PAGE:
How our skin changes as we age

Some skin experts divide skin ageing into two categories: intrinsic and extrinsic. Intrinsic ageing refers to the effects of your genetic makeup on your ageing process. Extrinsic ageing refers to external environmental factors such as ultraviolet light (UV) from the sun, or lifestyle factors such as the negative effect of smoking. In many cases, extrinsic ageing can be positively impacted by actions you take in your day-to-day life.

Fine lines and wrinkles

Unfortunately, wrinkles are a tell-tale sign of skin ageing. Wrinkles often begin to occur owing to muscle and skin movement. These are known as motor wrinkles and the most obvious of these occur around the mouth and the delicate eye area.


In your 50s and older years, wrinkles become more prominent as your skin begins to sag. Using moisturisers such as Qsilica REVIVE that are thicker and richer than may have been necessary on younger skin can be beneficial. Additionally, applying a specialised skin oil such as Qsilica RESTORE onto damp, clean skin before applying your daily moisturiser will help plump and hydrate skin, helping to minimise the appearance of wrinkles.

Dry skin

Older skin has a tendency to become drier. This can be down to the fact that as skin ages it produces fewer natural moisturising oils. Although this is a common problem, it can be helped dramatically with the use of good external moisturisers that provide beneficial nutrients and hydration as well as natural oils that mimic the skin’s own natural moisturising capacity.

There is also emerging research being conducted on ingestible ingredients including essential fatty acids and plant-derived ceramides. The ingredients of a food supplement such as Qsilica PRO COLLAGEN can act as moisturisers ‘from the inside-out’ to help combat dry, uncomfortable skin.

Another aspect is the loss of moisture from our skin while we sleep. To minimise this and indeed assist the skin to repair and rejuvenate overnight, a well-formulated product such as Qsilica BEAUTY REGEN+ Night Cream (available soon in the UK and Europe) is a good addition to the bedtime routine.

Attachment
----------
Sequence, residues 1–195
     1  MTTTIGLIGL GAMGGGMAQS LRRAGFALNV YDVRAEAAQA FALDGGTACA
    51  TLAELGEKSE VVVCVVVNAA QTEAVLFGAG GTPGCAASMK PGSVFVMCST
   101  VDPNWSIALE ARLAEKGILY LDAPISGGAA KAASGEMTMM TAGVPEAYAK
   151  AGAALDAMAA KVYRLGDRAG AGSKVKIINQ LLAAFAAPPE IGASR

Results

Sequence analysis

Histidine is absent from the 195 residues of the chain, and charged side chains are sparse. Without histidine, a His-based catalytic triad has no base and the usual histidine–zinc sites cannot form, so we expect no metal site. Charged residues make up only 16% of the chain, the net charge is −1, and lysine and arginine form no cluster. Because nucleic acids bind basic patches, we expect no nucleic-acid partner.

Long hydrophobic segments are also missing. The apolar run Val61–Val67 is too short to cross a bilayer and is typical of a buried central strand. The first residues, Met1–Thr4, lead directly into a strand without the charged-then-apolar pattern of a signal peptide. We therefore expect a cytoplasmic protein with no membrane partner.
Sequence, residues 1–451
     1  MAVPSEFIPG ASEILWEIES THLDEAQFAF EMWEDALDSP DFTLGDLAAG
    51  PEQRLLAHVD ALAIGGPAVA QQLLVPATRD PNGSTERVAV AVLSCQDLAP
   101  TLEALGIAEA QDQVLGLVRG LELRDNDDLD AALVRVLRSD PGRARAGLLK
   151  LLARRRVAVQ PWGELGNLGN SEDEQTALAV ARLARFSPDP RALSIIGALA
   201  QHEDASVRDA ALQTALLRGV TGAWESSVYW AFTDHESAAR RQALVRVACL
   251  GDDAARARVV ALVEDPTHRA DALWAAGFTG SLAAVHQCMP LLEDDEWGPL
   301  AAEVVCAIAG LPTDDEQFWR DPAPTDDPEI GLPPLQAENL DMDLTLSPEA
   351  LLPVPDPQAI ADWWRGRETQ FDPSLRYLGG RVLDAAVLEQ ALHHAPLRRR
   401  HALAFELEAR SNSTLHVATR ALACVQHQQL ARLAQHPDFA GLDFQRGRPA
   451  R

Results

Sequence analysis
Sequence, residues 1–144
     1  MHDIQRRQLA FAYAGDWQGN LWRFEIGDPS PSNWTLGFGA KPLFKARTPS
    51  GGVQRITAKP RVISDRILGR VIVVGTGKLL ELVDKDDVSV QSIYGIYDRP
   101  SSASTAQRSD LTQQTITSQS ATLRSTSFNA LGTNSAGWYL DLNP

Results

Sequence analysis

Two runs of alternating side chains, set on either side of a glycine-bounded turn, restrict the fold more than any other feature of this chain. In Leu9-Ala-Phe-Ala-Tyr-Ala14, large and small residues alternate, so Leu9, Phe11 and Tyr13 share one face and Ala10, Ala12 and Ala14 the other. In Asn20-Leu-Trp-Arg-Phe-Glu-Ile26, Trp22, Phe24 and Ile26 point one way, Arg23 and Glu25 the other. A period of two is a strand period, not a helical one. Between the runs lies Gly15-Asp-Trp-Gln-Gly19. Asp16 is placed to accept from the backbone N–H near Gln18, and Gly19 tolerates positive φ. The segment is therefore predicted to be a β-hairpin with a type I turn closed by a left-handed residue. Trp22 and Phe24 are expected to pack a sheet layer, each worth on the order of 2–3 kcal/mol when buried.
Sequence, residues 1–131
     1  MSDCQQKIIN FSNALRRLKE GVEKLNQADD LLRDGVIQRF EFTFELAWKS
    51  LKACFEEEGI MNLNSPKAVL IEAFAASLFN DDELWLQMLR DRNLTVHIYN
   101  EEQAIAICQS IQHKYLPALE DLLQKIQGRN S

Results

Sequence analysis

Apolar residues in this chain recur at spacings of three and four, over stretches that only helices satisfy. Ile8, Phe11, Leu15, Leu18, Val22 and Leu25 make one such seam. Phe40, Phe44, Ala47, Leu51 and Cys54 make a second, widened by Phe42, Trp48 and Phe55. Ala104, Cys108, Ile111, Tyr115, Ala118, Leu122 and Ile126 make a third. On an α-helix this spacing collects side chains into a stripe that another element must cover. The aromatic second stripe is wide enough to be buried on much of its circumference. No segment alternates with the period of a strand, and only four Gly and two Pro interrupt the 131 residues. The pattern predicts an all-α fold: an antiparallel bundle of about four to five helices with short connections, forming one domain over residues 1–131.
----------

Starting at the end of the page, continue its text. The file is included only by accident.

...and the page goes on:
Thinning skin

Unfortunately, as skin ages it not only becomes drier but it also thins. Thinning occurs because skin loses some of the fatty layer that lies below the epidermis, meaning there is less cushioning and skin is less durable. Thinner skin is more prone to cuts, breaks and bruises as it is more delicate. Slower skin cell regeneration is also another cause of thinning.

Avoiding unnecessary sun exposure and using a broad spectrum sun screen is a simple way to help skin remain healthy. Ultraviolet light from the sun is highly efficient at breaking down collagen and elastin fibres that are needed by the skin to remain flexible and taught. Using a high quality moisturiser such as Qsilica REVIVE can assist in delaying the signs of thinning skin.

Dietary modifications are also important for maintaining healthy skin. The addition of varied healthy fats as well as a diet high in fruits and vegetables can help by providing the nutrients necessary for collagen and elastin production.

A powerful food supplement such as Qsilica ONE-A-DAY can provide the essential nutrient silica that works to promote collagen and elastin production. It simultaneously provides potent amounts of zinc, selenium and biotin implicated in helping to generate healthy skin, lustrous hair and strong nails.

Age spots

As you enter your 40s and 50s, there’s a good chance that you’ll experience new patches of pigmentation appearing on your skin. These are usually called age spots, but are also referred to as liver spots or more technically as solar lentigines.

These areas of concentrated pigmentation appear on skin that gets the most exposure to sunlight. Age spots are actually caused by damaging ultraviolet light from the sun. UV accelerates the production of a dark pigment called melanin. Age spots are in fact a defensive reaction from your skin as it attempts to protect deeper layers by darkening.


The best way to tackle age spots is to prevent them from occurring in the first place – by using a high quality SPF barrier every day. Applying sunscreen to the backs of hands before driving may also help prevent the betraying signs of ageing that can occur on this part of the body.

Ageing is inevitable but…

…we don’t have to accept that nothing can be done to counteract skin ageing. Yet there’s no need to apply mass-produced chemical concoctions. There are good products available made of botanically derived ingredients that work with the skin to nourish and protect it in a very natural way.

Yours, Jessica Palmer at Qsilica